One of the bigger stories of 2018 was Amazon shifting many brands to the Vendor Success Program, and as a result, taking away their Vendor Manager. This caused a great deal of consternation amongst brands, who saw their 7-figure revenue stream suddenly managed not by a human, but by an algorithm.
This is the new future
This is a trend we expect Amazon to continue, to expand, and to evolve. Amazon has been using algorithms to automate inventory decisions for several years now, with great success. Brands have seen their weeks of supply go from 10 weeks, to 6 weeks, to 2 weeks, with the algorithms driving these reductions. Pricing has been driven by algorithms far longer, with Amazon basing its pricing on the lowest price it can find elsewhere on the internet. In Amazon’s eyes, these are efficiencies, all created without any reduction in the consumer experience.
Becoming a Seller is more attractive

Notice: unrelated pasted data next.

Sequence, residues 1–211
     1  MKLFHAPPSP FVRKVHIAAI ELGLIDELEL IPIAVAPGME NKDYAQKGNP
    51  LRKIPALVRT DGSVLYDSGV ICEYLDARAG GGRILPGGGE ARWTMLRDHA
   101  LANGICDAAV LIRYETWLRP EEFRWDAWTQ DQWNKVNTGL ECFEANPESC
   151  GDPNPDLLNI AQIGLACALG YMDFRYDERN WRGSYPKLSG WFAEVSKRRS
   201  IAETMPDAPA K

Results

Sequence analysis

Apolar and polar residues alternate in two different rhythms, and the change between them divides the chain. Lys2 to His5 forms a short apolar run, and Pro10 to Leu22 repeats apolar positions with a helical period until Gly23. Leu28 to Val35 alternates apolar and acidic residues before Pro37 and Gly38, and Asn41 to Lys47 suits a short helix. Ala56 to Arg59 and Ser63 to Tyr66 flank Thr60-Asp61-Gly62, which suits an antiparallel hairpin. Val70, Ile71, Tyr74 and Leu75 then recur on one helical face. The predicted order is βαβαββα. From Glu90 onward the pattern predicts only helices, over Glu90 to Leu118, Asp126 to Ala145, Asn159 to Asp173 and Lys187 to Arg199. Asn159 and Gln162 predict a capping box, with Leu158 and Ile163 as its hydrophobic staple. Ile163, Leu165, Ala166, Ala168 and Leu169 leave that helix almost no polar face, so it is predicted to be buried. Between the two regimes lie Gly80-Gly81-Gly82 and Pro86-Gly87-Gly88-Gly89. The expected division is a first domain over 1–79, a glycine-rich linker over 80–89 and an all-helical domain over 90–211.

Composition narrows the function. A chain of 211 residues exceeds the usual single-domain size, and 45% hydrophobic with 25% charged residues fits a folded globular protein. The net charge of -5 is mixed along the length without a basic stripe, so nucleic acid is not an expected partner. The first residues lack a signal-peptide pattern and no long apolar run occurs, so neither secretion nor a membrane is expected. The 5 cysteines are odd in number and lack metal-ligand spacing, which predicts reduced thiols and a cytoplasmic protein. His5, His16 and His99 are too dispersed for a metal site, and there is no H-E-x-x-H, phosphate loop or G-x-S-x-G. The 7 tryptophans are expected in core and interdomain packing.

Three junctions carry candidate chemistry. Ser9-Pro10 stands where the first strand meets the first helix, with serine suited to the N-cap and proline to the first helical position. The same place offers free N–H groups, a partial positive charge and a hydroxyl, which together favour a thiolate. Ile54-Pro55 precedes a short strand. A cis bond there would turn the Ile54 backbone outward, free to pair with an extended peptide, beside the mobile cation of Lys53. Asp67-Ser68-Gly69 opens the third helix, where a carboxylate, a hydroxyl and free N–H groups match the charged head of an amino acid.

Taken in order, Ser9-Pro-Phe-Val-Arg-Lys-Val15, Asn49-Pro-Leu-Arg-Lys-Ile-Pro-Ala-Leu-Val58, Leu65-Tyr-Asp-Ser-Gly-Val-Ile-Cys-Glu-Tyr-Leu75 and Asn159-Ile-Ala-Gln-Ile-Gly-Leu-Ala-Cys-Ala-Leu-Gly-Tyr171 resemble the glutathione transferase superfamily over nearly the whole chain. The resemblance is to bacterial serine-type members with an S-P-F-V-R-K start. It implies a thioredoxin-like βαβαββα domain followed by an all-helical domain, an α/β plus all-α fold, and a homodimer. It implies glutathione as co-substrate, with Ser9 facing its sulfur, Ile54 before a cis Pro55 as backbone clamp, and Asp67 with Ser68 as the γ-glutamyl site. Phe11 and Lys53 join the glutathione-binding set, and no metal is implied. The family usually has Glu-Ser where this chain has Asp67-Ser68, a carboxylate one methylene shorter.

Brands should consider this an opportunity, rather than a punishment. There’s been no better time for brands to explore a Seller, or marketplace, relationship, as opposed to a Vendor, or wholesale, relationship. Sellers have far more control over their business than Vendors do. Above all, Sellers have full pricing controls, and no longer need to worry about what happens when Amazon’s algorithm drops the price far below MAP. In addition, tools ecosystem for Sellers is much more robust, with many services giving advanced analytics based around sales results.
Being a Seller used to come with many downsides, but Amazon has been working diligently to bring parity to the system. Using the Brand Registry, Sellers can own their brand on Amazon, controlling the Product Detail Pages and building a Stores Page. Registered Brands also have more access to Amazon’s display ads. Combine this with the ability to remain Prime-able via FBA, and being a Seller is an attractive proposition for brands that have lost a human to negotiate with at Amazon.
Even if you are maintaining your relationship with your Vendor Manager, we recommend taking a hybrid approach to Amazon. Odds are, most of your interactions with your Vendor Manager are for the same products, and the same concerns. You’ve “CRaPed” (can’t realize a profit) out, or your price has fallen too low, or they didn’t listen when you anticipated a surge and now you’re out of stock. For these products, you should consider selling on your own. The pricing and CRaP problems disappear, and by controlling your weeks of supply, you can be much more nimble around surges you’ve forecasted that Amazon won’t.